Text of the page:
Context Reframe:

Almost all behaviours are useful or appropriate in some context. Interrupting a speaker by standing up and offering your view in the middle of her lecture may be judged as inappropriate. To do this same behaviour at the end of the presentation in order to provide a different perspective may be welcomed by all present.

A context reframe is useful for statements such as: ‘I am too pushy.’ or ‘I wish I did not focus on what could go wrong.’ In this type of situation, your client has assumed that this type of behaviour has no value. You job is to discover when it is of value by asking yourself the question ‘When or where would this behaviour be useful or viewed as a resource?’ A possible reframe might be: ‘Isn’t that a great skill to have when you need to get things done or to avoid potential problems?’ Once you have your client more resourceful, you can then assist him to discover behaviours that may be more appropriate in other situations.

Children and Parenting

Children exhibit all sorts of behaviours - some appropriate and some not so appropriate. Focusing mainly on a child’s inappropriate behaviours, may result in the child feeling overly criticized or attacked; resulting in an increase in problem behaviour or the child becoming overly defensive. As an alternative, a parent may choose two courses of action:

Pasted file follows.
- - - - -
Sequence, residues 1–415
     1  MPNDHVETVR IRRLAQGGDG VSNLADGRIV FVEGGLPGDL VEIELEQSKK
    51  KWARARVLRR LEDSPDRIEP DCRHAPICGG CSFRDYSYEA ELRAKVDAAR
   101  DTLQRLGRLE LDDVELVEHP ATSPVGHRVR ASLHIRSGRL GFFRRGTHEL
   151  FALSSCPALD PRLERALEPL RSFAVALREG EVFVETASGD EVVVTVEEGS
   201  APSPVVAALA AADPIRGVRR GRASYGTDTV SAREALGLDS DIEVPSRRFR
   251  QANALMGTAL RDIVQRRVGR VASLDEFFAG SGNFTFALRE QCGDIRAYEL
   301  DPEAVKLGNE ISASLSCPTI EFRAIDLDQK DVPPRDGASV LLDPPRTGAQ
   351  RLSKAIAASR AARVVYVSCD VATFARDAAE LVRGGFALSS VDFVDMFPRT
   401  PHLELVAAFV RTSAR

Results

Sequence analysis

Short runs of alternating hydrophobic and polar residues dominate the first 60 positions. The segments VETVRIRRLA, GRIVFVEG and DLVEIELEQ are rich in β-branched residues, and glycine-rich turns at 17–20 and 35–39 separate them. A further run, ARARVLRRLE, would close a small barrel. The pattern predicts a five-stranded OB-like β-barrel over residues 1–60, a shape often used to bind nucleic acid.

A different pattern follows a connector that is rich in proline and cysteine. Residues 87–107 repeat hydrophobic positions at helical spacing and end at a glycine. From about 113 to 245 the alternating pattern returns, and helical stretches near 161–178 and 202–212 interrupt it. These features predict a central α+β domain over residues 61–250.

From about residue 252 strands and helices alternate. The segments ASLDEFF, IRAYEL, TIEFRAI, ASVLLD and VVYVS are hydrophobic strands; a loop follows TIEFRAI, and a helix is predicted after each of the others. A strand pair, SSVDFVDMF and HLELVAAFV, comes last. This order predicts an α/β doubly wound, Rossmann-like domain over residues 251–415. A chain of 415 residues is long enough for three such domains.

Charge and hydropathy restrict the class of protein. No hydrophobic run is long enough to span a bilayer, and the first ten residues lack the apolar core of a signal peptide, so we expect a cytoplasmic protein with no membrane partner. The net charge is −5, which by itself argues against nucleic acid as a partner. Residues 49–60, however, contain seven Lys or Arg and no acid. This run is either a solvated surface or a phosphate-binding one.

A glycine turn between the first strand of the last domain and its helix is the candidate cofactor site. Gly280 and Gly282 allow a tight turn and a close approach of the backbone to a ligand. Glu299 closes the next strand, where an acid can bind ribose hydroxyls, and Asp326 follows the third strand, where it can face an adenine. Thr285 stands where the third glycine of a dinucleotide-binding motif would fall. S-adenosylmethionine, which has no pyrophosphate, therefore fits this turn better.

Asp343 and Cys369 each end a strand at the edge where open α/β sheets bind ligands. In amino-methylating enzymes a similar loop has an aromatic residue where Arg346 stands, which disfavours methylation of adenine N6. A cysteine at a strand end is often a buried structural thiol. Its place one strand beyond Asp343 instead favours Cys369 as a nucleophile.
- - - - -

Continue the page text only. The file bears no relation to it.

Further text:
• Assuming every behaviour has a positive intention, the parent may choose to discover the positive intention. Then the parent can discuss with the child other behaviours that would meet both the parent’s and child’s needs.
  • The parent may point out where or in what context that type of behaviour is acceptable; thus validating to the child that his behaviours are useful in certain contexts.

The former is an example of a content reframe and the later an example of a context reframe.

Concluding Thoughts